In the present study, the transient middle cerebral artery occlusion (tMCAO) model was established in spontaneously hypertensive rats (SHR) as an in vivo model of focal cerebral ischemia. Starting on day 3 post-tMCAO, rats were subjected to 26 days of PE; thereafter, the changes in infarct volume, neurobehavioral outcomes and NOR memory were assessed. In addition, the exact cortical regions involved in the mechanism by which PE improves recovery from tMCAO-induced memory impairment were investigated. These results will help elucidate the specific role of PE in recovery from stroke-induced nonspatial learning and memory impairment.

Materials and Methods

Animals

A total of 90 male SHR (aged 10–12 weeks, weight, 250–280 g) were obtained from the Experimental Animal Center of Sun Yat-sen University (Guangzhou, China). All the animal experiments performed in this study were approved by the Animal Ethics Guidelines for the Care and Use of Laboratory Animals of the National Institute of Health (Publication No. 80-23, revised 1996).

Study Design

SHR were randomly divided into four groups (n = 20 rats/group): (1) a Sham group that received sham surgery; (2) a tMCAO (2 d) group, in which rats underwent tMCAO surgery and NOR tests were performed 2 days later; (3) a tMCAO (28 d) group, in which NOR tests were performed at 28 days post-tMCAO; and (4) a tMCAO (28 d) + PE group, in which tMCAO was established and rats exercised in a running wheel for 26 consecutive days starting at the third day post-tMCAO. Besides, 10 rats were received sham surgery and exercised in a running wheel for 26 consecutive days starting at the third day post-surgery, as a Sham + PE group.

tMCAO

SHR were anesthetized by intraperitoneal (IP) injection of chloralhydrate (350 mg/kg), and tMCAO was then performed as previously described (Zhang et al., 2013). In brief, a 4-0 nylon suture filament with a rounded tip was inserted into the internal carotid artery to block the middle cerebral artery at its origin. After 90 min, the filament was removed to allow reperfusion. Body temperature was maintained at 37 ± 0.5°C by a heat lamp (FHC, Bowdoinham, ME, USA) throughout the surgery. The rats in the Sham group underwent sham surgery without suture insertion.

PE

Rats subjected to running wheel exercise plan were placed into a programmable, motorized wheel apparatus (21 cm diameter, 40 cm length; South China University of Technology, Guangzhou, China), permitting the quantification of exercise intensity. Rats in the PE group were placed into the wheel and subjected to a period of exercise for 26 days starting at day 3 post-tMCAO. During the first 12 days, the running speed was set at 5 rev/min (approximately 3 m/min), for 20 min, twice a day (8 a.m. and 8 p.m.). For the next 14 days, the running speed was increased to 10 rev/min (approximately 6 m/min). The rats in the Sham and tMCAO groups were housed in a standard cage with free access to food and water, with no specific exercise plan.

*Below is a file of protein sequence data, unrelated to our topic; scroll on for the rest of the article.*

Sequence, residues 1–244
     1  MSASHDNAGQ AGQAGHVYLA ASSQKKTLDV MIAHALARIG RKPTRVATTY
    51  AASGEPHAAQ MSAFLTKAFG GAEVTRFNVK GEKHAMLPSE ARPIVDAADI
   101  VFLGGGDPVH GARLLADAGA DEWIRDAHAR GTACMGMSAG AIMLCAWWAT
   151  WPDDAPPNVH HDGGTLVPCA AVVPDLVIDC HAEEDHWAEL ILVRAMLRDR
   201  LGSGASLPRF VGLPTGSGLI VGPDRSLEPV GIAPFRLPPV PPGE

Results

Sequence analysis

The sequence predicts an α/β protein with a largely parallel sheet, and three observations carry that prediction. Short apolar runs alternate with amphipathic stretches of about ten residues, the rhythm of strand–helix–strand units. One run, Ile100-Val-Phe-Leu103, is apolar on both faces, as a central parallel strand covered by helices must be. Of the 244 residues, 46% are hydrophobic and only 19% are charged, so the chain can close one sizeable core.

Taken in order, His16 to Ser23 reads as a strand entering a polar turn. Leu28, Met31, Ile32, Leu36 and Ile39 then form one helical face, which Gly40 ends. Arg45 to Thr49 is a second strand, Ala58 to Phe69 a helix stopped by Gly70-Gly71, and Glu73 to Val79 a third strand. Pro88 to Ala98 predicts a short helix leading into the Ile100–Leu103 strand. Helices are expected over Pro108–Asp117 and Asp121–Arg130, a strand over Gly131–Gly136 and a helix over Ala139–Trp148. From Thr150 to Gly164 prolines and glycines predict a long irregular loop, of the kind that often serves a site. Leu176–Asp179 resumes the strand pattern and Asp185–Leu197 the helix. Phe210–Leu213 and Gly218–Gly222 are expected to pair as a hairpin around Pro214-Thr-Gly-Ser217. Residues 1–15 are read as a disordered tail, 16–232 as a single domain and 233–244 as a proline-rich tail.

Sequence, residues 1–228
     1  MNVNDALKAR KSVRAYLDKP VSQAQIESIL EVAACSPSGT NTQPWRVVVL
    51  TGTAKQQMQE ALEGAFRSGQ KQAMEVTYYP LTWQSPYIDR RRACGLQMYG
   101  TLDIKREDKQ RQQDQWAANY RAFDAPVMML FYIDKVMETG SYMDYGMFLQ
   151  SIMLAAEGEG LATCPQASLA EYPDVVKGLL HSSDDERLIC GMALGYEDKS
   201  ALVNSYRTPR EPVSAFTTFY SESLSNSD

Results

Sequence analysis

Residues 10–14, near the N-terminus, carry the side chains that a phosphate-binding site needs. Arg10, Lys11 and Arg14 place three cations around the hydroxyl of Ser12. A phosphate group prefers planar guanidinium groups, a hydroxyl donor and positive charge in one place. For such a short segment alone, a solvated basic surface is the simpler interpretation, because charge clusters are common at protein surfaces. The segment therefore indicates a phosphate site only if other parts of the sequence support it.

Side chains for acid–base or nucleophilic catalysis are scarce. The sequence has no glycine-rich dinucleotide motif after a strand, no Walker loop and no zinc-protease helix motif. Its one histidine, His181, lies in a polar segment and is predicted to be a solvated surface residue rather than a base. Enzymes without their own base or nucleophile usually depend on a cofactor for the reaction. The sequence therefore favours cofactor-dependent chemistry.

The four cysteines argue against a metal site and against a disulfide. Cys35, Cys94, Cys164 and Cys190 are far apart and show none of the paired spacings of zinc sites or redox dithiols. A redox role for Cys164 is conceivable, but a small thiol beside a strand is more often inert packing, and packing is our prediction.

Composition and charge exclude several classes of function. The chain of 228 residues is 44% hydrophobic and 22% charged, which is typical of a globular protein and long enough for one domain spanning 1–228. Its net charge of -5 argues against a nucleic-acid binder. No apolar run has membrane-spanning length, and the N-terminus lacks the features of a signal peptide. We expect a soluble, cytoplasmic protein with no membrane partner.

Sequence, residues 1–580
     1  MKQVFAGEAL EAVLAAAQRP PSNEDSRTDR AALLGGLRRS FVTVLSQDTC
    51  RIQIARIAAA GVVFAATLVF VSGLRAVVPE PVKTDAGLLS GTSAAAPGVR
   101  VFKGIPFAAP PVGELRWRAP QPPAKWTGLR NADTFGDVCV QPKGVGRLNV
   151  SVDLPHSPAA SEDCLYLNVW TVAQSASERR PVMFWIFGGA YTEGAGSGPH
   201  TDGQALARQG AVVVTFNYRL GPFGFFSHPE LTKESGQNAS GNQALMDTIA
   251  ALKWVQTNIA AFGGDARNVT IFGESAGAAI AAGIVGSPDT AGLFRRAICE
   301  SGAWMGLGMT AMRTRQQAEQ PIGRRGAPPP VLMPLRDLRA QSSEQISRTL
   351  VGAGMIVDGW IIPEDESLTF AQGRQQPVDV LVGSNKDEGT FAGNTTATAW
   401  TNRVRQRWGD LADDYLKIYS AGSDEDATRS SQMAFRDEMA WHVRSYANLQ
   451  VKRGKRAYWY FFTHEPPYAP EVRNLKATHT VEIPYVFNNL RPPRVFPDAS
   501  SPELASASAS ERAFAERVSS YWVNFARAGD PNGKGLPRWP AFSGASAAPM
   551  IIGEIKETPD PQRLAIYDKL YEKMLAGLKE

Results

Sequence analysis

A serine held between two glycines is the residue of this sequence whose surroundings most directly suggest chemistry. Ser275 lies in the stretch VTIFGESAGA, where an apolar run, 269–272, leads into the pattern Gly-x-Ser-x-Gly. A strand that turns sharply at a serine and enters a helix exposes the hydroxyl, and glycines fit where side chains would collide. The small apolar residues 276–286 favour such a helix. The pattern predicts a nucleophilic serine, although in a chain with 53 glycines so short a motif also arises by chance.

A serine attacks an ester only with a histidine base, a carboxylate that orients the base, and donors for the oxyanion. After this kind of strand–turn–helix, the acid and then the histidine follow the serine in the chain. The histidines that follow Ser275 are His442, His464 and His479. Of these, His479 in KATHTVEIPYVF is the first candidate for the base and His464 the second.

2,3,5-Triphenyltetrazolium Chloride (TTC) Staining

The infarct volume of SHR in each group (n = 5) was assessed using 2,3,5-Triphenyltetrazolium chloride (TTC) staining (Wang et al., 2016). Briefly, the brains of SHR from Bregma +4.0 mm to −6.0 mm were sliced into six 2.0-mm-thick sections. After incubation in 2% TTC solution (Sigma, St. Louis, MO, USA) for 30 min at 37°C, coronal brain sections were then fixed in 4% paraformaldehyde solution overnight. The infarct area was identified by non-staining region while the live area should turn red. Image analysis was carried out independently by two observers (both XP and LZ with 4 years of experiences). The volume of infarction was measured with Image-Pro Plus software (Media Cybernetics, Silver Spring, MD, USA). The relative infarct volume was manually calculated according to the following formula: infarct percentage = (volume of the contralateral hemisphere − volume of the non-infarct contralateral hemisphere)/volume of the contralateral hemisphere × 100%.

Modified Neurological Severity Score (mNSS)

The modified neurological severity scores (mNSS) was recorded at 2, 14 and 28 days post-tMCAO as described previously (Liu et al., 2011). The mNSS is a composite of the motor, sensory, balance and reflex tests and is assessed on a scale of 0–18 (normal score 0, maximal deficit score 18). Rats were tested three times by an individual blinded to grouping, and the average was recorded.

NOR Tests